Be cognizant of what victim blame looks like. And STOP IT.

I have watched victim blame from afar and felt the pain, and might I add, the intense anger and furious losing-my-shit-kind-of-rage when I see it in action. It’s the kind of rage that makes me post scary four letter words on Facebook and in this blog post. If nothing else inspires you in this post, just ask yourself: “If not me, who? If not now, when?”

I was inspired to write this after seeing the commencement of the UN campaign #HeforShe. In her speech, Emma Watson asks for action. I ask the same of you now. In my fear and anxiety I have remained silent, but after watching young women disappear from my hometown every year since 2009, when my friend and god-sister, Morgan Harrington, went missing and was found murdered three months later, I know that remaining silent is something I cannot do in good conscience. It’s time to Help Save the Next Girl. It’s time to stop the victim blame. It’s time to find Hannah Graham.

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If you have any information about the night of September 13, 2014 in Charlottesville, Virginia in connection to Hannah Graham PLEASE call the following tip lines:

Charlottesville Police Department Tip Line: 434-295-3851

Charlottesville Police Department: 434-970-3280

Crimestoppers: 434-977-4000

Help Save the Next Girl: http://www.helpsavethenextgirl.com/

 

Charlottesville Police have asked that realtors and homeowners in the Charlottesville/Albemarle region check their properties for anything strange, or anything that might give clues to Hannah Graham’s whereabouts. Do this.

 

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Sources:

Burt, Martha. 1980. “Cultural Myths and Supports for Rape.” Journal of Personality and Social Psychology. 38: 217-230.

Brownmiller, Susan. 1975. Against Our Will: Men, Women, and Rape. New York: Simon and Schuster.

Chancer, Lynn S. 1987. “New Bedford, Massachusetts, March 6, 1983- March 22, 1984: The ‘Before and After’ of a Group Rape.” Gender & Society. 1(3): 239-260.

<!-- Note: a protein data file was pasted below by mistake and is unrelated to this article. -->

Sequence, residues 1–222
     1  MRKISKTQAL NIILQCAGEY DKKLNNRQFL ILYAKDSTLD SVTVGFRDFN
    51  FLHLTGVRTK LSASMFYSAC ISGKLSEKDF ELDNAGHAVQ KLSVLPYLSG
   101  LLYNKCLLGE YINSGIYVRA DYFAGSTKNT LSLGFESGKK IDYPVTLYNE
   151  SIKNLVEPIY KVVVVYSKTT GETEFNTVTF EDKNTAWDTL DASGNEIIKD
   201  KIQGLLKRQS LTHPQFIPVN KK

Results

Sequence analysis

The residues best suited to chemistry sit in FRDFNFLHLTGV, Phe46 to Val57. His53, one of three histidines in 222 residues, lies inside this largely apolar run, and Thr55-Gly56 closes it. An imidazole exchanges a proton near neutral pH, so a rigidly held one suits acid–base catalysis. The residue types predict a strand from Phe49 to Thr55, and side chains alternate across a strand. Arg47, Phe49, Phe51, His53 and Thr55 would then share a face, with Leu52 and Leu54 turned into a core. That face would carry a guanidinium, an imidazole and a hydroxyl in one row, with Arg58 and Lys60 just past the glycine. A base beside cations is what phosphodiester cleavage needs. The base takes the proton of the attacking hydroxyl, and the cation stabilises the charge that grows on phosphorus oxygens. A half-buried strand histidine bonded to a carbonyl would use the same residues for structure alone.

Grubb, Amy and Emily Turner. 2012. “Attribution of blame in rape cases: A review of the impact of rape myth acceptance, gender role conformity and substance use on victim blaming.” Aggression & Violent Behavior, 17(5): 443- 452.

Johnson, Kim and Jane Workman. 1994. “Blaming the Victim: Attributions Concerning Sexual Harassment Based on Clothing, Just-World Belief, and Sex of Subject.” Home Economics Research Journal. 22(4): 382-400.

Perry, Barbara. 2001. “Doing Gender and Doing Gender Inappropriately: Violence Against Women, Gay Men, and Lesbians.” Pg 417-440. Sex, Gender, and Sexuality: The New Basics. Ferber, Abby, Kimberly Holcomb, and Tre Wentling. New York: Oxford University Press.

 

Amelie Rives, a native of Charlottesville, Virginia, is a recent graduate of Roanoke College. Her interests include feminism, gendered violence, and masculinity. She wishes she lived in a world where she didn’t have to write blog posts like this.

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One Response to “Stop the Victim Blame. #HelpFindHannahGraham”

Trackbacks/Pingbacks

  1. The Rape Culture Problem at UVA | Masculinities 101 - December 1, 2014

    […] a legitimate rape,” or, “She wanted it.” Rape myth, then, becomes an intricate part of victim blame, and, especially in the case of UVA, it leads to denial that the issue even exists on […]